On Nurturing And Curating Our Cultural Sources


Richard Schrader


As a research tool, the interview can be a master-key for unlocking the past of Virgin Islands folk life. Nothing beats a warm, flesh and blood discourse of the bygone days, before most of the culture was stripped from the bones of our people. But whether or not the doors of what is left of our native culture are opened to us, largely depends on the way in which we conduct our interview. The interviewer should always try to obtain certain basic information such as the age of the interviewee, place of birth, childhood experiences and other related information. However, there is no one set of questions that will fit every occasion. The interview should never take on the appearance of an interrogation, but rather a warm, friendly, homey drawing of information from the springs of history and culture. The interviewer should never try to sit in the driver's seat. He or she should merely act as a guide on the ride back into time.

The tape recorder is preferred over paper and pencil. It is quite difficult to sense the gut feeling of the interviewee about a particular matter or even share in a good belly laugh while the eyes are glued to a sheet of paper and with a pencil darting from line to line. In trying to capture every word you may lose the message. The more the interviewee feels that you have connected to his/her story the greater the flow of information will be.

The interviewer must always be on guard for signs of irritation or annoyance shown by the interviewee. One day while talking with a 94 year old man, after an hour into the interview when I asked "How old are you?" "Da noh foh yoh business," he replied. "Sorry," I said, "Meh noh been mean foh mash yoh corn." I then shifted the subject and our conversation continued as before in an amicable manner. I had known the interviewee from childhood and he had known my parents. Naturally this relationship contributed to the success of the interview.

The interviewer must be a good listener. Let the interviewee talk. Sometimes one may not receive the answers to the questions asked. But the answer given could open up the conversation to another area of interest. For example, if Mr. "Bee Brown," when asked about his job driving Massa Wowie's phaeton or about his experiences as the only man in a woman sugarcane gang, breaks into a jumbie story, don't say, "We are talking about A nor D." Don't pull the reins. Nudge him/her on! The discovery might be greater than you think.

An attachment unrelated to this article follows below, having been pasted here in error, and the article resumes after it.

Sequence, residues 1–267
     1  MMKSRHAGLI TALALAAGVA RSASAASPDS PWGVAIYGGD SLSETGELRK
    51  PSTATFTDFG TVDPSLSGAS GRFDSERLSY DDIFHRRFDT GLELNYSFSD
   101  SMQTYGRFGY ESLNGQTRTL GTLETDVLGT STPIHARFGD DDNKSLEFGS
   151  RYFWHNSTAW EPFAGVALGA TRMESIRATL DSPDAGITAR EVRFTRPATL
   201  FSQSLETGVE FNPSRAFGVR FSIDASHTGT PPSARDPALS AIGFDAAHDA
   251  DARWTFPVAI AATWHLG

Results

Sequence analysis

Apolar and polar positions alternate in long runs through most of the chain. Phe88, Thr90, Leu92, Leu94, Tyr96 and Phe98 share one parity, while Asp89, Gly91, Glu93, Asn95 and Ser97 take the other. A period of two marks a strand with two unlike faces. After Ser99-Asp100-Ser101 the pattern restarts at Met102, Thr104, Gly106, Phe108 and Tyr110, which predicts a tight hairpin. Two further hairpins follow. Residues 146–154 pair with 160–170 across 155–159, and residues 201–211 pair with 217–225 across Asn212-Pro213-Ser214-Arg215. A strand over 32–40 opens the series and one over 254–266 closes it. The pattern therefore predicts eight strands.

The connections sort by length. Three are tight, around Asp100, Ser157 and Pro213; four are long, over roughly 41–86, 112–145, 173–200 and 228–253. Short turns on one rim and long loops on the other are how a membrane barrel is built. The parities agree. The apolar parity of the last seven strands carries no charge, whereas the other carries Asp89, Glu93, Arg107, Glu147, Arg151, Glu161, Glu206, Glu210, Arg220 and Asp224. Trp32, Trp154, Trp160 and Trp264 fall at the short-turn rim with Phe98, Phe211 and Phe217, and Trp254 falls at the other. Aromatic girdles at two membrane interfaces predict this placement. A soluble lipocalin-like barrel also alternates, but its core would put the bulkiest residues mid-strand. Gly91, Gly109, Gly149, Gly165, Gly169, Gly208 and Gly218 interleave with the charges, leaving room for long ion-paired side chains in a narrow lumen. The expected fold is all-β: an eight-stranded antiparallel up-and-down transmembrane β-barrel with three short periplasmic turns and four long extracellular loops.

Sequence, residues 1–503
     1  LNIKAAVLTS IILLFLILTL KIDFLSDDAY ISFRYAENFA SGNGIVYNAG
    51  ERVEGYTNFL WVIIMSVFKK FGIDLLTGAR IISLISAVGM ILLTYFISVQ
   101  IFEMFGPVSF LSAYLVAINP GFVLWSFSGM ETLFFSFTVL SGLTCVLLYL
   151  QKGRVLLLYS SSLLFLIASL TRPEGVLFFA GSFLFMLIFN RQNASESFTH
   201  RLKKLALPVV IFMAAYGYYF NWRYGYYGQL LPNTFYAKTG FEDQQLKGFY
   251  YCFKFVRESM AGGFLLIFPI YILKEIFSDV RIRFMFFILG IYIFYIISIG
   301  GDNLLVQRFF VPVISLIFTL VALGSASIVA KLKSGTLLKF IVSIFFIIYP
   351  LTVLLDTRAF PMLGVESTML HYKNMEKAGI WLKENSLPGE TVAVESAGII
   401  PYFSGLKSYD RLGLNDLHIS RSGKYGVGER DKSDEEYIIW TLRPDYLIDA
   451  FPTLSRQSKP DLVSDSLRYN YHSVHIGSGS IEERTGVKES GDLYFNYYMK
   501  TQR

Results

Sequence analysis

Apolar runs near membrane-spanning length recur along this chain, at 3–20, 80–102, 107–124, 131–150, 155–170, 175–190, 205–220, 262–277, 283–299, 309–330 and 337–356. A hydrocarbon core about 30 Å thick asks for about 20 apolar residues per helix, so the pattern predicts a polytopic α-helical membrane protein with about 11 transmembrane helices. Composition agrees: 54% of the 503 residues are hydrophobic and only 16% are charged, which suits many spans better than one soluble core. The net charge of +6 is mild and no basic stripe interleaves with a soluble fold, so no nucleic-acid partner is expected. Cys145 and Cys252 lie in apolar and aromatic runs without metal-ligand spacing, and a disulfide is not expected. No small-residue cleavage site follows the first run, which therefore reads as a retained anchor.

Another means of recording information is by taking mental notes of what is being said. It is sometimes inappropriate to take out a tape recorder or pencil and paper. The mental notes could be used when you unexpectedly come across a cultural source that should not be passed up. However, the information should be written down at the earliest opportunity.

During the past five years I have interviewed approximately 40 persons over the age of 60; ten were 80 years or older.



1. At the outset is Mr. Schraeder more concerned about objectivity in data gathering or a solid rapport with the informant?

2. Is the best interview conducted like an interrogation?

3. "Back seat" driving is often discouraged. What is good about it in the present context?

4. Explain the advantage of the tape recorder over the pen or pencil and pad.

5. How does one show he has connected to the interviewee and the story he is telling?

6. According to the author, does it really matter that the person being interviewed is as old as the interviewer's parents?

7. What does Mr. Schrader offer as a possible justification for allowing the interviewee to digress freely?

8. Are there times when just listening without the recorder or pencil and paper can be justified?


From the outset we have maintained that Virgin Islands Culture--especially its folk culture--has to be studied within its historical framework. The unpublished documentation on aspects of Virgin Islands folk culture could fill volumes. Instead, the bulk of this material occupies the stacks of the Royal Archives in Copenhagen, and is in general handwritten in Danish in an evolving Gothic script. Mr. Gerard Emmanuel discusses these challenges to Virgin Islands cultural researchers and to our leaders and decision makers.

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